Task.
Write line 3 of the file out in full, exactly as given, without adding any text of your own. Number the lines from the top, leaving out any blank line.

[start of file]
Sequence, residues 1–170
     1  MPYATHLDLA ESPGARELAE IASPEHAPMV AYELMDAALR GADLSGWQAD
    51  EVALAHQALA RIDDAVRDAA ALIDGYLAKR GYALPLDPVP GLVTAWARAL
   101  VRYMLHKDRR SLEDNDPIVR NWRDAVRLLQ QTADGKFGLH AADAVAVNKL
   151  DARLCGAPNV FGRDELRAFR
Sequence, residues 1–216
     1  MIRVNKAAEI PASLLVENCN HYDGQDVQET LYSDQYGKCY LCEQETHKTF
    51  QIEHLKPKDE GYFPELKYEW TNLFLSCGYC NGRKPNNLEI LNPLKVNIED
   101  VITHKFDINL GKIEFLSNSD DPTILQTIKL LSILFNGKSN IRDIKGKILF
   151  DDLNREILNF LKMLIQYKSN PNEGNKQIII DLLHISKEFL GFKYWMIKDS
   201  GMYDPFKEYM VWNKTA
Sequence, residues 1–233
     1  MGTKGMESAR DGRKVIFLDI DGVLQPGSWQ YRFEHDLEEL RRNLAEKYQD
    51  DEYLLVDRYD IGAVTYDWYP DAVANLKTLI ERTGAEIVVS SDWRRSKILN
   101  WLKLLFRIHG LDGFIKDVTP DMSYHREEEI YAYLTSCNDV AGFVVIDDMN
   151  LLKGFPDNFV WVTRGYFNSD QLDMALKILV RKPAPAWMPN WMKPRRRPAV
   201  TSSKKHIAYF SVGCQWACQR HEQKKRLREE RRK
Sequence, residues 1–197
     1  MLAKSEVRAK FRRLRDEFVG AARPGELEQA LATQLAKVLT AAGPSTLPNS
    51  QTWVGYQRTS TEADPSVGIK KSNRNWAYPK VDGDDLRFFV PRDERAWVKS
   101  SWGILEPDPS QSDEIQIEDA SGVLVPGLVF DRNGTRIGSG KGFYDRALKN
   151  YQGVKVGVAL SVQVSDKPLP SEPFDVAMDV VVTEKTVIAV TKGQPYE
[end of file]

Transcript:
    51  EVALAHQALA RIDDAVRDAA ALIDGYLAKR GYALPLDPVP GLVTAWARAL